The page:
The article in question focuses on a famous TV channel that some people see as a threat to morality and Christian values. Some people believe that the MTV channel controls the “most up-front element of defiant youth culture” (Hamerlinck 44). In opposition to these views, the author contends that the channel has nothing to do with forming morality or creating people’s mindsets since it is only one of many products of capitalism and mass production.
I agree with the author’s view as I believe that MTV does not form a mindset but only serves as a reflection of modern society and its values. It cannot be regarded as a competitor to the Catholic (or any other) church. The MTV is a creation of the capitalistic force, which does not provide or purport to provide principles that the society members can live by and as such, it cannot be regarded as a competitor to churches/religion.
MTV and People’s Values
MTV as a Product of Capitalism
Religious activists claim that MTV promotes the formation of certain opinions and affects young people’s minds. In reality, the channel simply responds to the needs and wants of its audience. Some hold the famous Beatles band and other performers responsible for “deifying personal and subjective feelings, and establishing self-satisfaction as the principal goal of existence” (qtd. in Hamerlinck 44).
From this supposition, it is claimed that MTV spreads such values and makes young people focused on their self-satisfaction rather than Christian values. The assumption can be made that musicians popularize some ideas since young people tend to imitate their idols. Nonetheless, there is a higher likelihood that singers and bands focus on already popular ideas in society through their songs. The performer tells a story using his song and it serves as a way of responding to certain events in the performer’s life or the world.
Remarkably, the author claims that MTV does not create viewpoints and mindsets but becomes a reflection of people’s needs. More so, Hamerlinck argues that MTV can be regarded as “the gospel of capitalism” (45). Just like any other commercial channel, MTV’s primary goal is to attract as many consumers as possible. The channel is a business that serves to give people what they want. This is one of the core principles of capitalism. As such, the channel does not create rules but simply follows them.
The needs of people in the capitalistic world created MTV rather than the channel creating the values of capitalism. The channel can be regarded as a product of capitalism which reflects trends that persist in society. Again, the musical channel becomes a place where performers tell their stories in a very entertaining manner. Moreover, the channel does not pay a lot of attention to the ideas articulated by performers but aims at promoting bands and singers as well as certain products such as songs, CDs, and the numerous things advertised on the channel.
MTV and the Church
The author mentions another important point concerning the attitude of the Catholic Church towards the channel. He notes that some religious activists tried to ban the channel as it spread inappropriate “narcissistic” messages to the youth (Hamerlinck 44). In other words, the opponents of this channel believed that MTV served as a medium for promoting ideas reflected in popular songs. The same people contended that the channel acted as a source of some immoral ideas.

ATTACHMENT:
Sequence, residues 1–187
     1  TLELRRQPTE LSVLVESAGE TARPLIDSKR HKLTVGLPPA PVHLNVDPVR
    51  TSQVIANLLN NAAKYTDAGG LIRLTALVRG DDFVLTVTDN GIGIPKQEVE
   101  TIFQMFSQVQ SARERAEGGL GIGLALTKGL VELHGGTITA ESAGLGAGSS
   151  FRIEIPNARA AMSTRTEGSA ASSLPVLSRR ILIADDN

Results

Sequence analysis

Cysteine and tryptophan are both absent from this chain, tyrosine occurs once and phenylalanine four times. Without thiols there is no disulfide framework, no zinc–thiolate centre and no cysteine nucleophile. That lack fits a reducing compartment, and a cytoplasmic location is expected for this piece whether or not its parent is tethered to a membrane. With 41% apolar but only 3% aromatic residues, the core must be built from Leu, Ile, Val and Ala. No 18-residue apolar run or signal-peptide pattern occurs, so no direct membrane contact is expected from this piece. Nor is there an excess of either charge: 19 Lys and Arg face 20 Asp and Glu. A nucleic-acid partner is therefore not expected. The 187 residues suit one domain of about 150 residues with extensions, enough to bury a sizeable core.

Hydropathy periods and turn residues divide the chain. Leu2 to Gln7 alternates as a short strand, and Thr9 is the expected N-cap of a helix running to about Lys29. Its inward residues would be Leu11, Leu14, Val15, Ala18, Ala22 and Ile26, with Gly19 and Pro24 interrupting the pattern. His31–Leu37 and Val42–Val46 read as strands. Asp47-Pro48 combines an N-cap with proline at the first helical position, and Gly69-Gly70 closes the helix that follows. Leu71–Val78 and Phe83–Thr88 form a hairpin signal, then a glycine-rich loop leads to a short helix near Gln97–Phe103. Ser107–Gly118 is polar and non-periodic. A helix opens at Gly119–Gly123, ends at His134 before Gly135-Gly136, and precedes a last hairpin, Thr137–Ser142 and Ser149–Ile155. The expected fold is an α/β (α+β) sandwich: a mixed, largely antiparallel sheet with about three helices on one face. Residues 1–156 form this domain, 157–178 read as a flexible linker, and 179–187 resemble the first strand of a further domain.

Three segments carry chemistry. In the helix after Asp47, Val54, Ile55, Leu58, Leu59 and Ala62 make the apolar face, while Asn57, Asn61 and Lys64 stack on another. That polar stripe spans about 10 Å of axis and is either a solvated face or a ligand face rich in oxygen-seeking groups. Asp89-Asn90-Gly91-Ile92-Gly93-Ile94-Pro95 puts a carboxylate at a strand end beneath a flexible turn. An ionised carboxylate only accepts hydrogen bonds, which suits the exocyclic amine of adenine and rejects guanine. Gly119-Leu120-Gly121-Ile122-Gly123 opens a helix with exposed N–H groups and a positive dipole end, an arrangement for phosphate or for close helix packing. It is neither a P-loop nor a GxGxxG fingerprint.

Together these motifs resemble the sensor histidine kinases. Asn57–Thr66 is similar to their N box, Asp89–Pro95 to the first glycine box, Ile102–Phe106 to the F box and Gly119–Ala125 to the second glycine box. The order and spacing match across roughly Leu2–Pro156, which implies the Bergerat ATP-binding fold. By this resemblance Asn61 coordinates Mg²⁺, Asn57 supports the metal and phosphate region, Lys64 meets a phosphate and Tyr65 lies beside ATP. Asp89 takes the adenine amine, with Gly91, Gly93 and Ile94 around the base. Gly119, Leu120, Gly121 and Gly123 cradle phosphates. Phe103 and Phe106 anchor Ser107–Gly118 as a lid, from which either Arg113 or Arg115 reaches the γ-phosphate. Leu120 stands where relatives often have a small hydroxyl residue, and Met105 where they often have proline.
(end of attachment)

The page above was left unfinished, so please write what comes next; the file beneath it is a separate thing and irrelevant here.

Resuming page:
However, the author stresses that MTV cannot be a competitor to the Christian church as even the idea that the channel “represents any kind of… alternative to religion is ridiculous” (Hamerlinck 45). A product of capitalism and mere business cannot become a moral milestone for people. No one switches to MTV to learn how to live better or solve difficult situations in life. People do not address the channel and they do not expect to get moral or ethical guidance from it.
MTV and Humanism
People will never find a set of values on MTV since the channel only spreads the ideas that can facilitate sales. The author emphasizes that messages sent by the channel which can be regarded as “social responsibility” ideas are simply used to “comfort potential advertisers” (Hamerlinck 45).
In addition to this, Hamerlinck argues that MTV has nothing to do with humanism or the moral development of people and viewers do not try to find this on the channel as there are numerous other alternatives (45). MTV helps people distract themselves from serious things. The channel does not provide humanistic orientations to follow. Consequently, MTV cannot be seen as an ethical or moral pillar and it cannot compete with religion.
In conclusion, it is possible to state that MTV should not be seen as a source of moral orientations and hence cannot become a competitor to the Church. The channel is a product of the capitalistic society. It does not create values but reflects ideas prevalent in society. Religious activists should not try to ban the channel. Instead, they should observe and research from the channel. Through this channel, religious activists can learn more about society and the youth.
From this, they can understand what guidance people need. As such, MTV can become an effective tool in the hands of those who endeavor to perpetuate moral living among members of society.
Hamerlinck, John. “MTV and Morality.” Music and Culture. Ed. Anna Tomasino. New York, NY: Longman, 2004. 44-46. Print.